I follow a troop of children over to the church hall and have a conversation with Father’s wife about the upcoming blini (pancake) dinner we are having in a few weeks. I love this lady to pieces. For me, she is an example of what a Christian woman can be. She manages to combine assertiveness with humility. Plus, she laughs at my jokes.

    My fried rice seems to be well-received and there’s a nice chocolate cake for the deacon’s name-day. We eat and chatter. Little kids are running around, including one 4-year old who is my god son. Most of the kids are Father’s own grandchildren.

    We notice that people are already washing dishes so our dish-washing talents are not required of us today. We say goodbye to everyone and drive the short distance to home. I settle down with some reading for school (Spenser’s Faerie Queene) and immediately fall asleep with the dog and the cat.

    I love Sundays. 🙂

  10. Michael says:

    Xenia,

    That was simply beautiful.
    Thank you.

  11. Xenia says:

    Our parish isn’t perfect. My husband and I have a few pet peeves. I suspect I myself may be the pet peeve for some folks.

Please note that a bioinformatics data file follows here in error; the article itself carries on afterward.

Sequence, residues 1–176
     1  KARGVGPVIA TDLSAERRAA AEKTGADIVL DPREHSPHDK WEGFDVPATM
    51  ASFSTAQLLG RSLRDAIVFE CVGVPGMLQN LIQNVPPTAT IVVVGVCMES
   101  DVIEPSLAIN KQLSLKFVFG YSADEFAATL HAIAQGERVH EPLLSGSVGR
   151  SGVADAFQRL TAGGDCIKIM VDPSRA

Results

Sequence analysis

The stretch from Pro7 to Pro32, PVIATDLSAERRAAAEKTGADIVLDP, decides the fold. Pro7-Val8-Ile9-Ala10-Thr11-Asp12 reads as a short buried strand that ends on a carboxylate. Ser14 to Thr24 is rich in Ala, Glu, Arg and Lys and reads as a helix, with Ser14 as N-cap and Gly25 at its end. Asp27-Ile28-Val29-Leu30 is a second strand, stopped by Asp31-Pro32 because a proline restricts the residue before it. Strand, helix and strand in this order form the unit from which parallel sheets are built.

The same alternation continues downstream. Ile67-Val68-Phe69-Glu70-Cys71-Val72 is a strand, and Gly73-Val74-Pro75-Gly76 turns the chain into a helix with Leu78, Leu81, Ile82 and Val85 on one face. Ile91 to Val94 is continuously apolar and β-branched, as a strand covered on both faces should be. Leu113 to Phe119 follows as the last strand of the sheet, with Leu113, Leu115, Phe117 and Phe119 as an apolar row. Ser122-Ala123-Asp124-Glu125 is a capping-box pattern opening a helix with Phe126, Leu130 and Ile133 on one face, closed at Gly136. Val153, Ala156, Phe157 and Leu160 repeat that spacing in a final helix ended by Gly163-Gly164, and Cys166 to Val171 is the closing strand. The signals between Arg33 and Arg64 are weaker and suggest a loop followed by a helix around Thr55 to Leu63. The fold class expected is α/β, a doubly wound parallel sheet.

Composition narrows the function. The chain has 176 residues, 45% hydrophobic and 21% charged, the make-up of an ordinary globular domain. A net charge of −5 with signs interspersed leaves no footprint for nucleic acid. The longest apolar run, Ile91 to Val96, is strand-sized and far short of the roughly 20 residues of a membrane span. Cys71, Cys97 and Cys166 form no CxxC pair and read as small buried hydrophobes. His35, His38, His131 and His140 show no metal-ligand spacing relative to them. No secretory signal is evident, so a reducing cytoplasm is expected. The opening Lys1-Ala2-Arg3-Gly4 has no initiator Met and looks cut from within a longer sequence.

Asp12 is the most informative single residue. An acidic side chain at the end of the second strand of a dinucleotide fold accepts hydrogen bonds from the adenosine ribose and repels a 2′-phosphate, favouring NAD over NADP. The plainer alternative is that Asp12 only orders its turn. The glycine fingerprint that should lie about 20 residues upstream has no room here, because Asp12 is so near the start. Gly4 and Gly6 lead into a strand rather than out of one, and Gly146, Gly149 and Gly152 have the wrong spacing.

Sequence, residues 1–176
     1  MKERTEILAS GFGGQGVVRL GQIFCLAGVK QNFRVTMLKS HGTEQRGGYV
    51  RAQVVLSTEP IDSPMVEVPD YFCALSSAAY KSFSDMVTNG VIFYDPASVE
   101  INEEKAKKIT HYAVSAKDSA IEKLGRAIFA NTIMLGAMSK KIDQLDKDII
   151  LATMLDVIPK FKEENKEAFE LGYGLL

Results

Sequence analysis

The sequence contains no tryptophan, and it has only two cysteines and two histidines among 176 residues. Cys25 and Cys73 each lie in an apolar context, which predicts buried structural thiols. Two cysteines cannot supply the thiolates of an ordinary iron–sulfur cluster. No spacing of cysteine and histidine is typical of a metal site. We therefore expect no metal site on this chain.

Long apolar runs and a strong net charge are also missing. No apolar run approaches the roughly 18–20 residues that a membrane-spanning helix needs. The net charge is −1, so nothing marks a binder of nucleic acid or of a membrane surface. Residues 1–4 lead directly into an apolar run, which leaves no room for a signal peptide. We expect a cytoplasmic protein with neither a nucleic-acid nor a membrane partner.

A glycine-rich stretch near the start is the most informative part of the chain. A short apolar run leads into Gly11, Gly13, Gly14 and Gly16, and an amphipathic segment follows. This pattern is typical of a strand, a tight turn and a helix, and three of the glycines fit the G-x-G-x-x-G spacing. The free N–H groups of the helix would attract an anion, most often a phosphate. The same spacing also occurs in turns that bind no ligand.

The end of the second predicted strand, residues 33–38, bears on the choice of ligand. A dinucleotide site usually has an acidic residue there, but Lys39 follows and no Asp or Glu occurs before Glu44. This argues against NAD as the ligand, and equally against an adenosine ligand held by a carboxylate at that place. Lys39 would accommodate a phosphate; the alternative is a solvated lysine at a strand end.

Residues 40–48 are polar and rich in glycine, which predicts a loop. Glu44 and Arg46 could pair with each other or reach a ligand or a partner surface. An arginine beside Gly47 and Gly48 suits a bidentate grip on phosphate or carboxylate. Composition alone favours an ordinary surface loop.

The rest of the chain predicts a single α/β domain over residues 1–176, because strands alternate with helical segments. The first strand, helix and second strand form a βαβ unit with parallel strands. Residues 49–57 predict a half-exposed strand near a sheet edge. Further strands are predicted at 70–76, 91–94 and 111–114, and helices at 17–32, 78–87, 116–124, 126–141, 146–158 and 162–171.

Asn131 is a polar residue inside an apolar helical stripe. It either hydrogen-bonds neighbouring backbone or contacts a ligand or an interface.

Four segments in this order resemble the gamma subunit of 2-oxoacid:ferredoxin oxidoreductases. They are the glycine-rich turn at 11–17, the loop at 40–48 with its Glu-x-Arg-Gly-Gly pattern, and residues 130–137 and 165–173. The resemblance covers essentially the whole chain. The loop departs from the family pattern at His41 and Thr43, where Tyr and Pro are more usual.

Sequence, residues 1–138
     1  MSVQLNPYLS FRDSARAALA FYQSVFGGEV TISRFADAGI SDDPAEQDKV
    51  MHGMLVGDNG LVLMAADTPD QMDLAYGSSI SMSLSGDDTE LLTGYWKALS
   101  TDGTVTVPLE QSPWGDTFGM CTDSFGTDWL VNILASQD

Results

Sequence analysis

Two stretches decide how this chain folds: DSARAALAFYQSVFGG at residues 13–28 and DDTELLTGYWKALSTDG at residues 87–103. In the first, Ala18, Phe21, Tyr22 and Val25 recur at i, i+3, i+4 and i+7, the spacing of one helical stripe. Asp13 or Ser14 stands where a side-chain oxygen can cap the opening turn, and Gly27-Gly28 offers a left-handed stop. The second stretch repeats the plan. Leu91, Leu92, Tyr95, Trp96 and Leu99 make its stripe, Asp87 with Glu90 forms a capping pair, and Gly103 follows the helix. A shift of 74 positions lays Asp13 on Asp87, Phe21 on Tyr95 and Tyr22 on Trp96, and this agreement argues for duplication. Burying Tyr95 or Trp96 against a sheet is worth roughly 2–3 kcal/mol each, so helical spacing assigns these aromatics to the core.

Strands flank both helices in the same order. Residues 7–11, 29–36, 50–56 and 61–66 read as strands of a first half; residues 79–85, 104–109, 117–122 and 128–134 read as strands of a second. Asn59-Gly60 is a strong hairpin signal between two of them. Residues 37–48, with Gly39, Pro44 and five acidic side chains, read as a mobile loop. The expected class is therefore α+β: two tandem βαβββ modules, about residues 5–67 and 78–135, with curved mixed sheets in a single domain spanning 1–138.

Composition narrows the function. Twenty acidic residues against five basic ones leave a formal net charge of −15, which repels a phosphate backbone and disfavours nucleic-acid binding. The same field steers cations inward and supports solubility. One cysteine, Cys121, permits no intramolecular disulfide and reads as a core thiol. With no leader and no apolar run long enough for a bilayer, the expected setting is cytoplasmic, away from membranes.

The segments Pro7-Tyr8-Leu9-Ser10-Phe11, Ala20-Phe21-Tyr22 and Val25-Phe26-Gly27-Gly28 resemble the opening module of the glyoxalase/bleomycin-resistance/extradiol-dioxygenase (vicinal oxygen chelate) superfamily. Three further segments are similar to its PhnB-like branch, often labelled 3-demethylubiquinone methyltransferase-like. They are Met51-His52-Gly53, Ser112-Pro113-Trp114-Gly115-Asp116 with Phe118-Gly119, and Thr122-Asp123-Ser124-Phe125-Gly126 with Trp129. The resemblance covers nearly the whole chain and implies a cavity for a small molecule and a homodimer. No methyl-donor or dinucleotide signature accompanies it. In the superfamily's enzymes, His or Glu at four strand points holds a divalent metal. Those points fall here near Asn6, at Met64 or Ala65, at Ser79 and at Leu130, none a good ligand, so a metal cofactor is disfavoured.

The reason I wrote this was to show that not all churches in America are cold auditoriums with rock bands and slick pastors. There are warm, godly churches everywhere in all denominations but they are often overlooked in favor of the huge campus of the mega church. How many small churches with a theology similar to yours can you find in your own town? Struggling parishes that could use your help? If all you ever do is go to the same kind of church that has disappointed you in the past be prepared to be disappointed in the future.

    I am not a fan of so-called “church planters.” Rather than looking around for the struggling little church that could use their help, full of old people, probably, they want to start up their own popsicle stand, stealing people away from other churches in the process. I think “church supplanters” is a better name.

  12. Xenia says:

    Some will say that struggling churches should be let to die, that they are struggling for a reason.

    What I have seen is a deliberate effort by the “cool” churches to steal away the children of the uncool churches with worldly youth groups that few modern kids can resist. The uncool church, in a desperate attempt to keep their youth, might try to become cool with embarrassing results that only succeed in making the cool church look even cooler. And in our time, coolness is everything.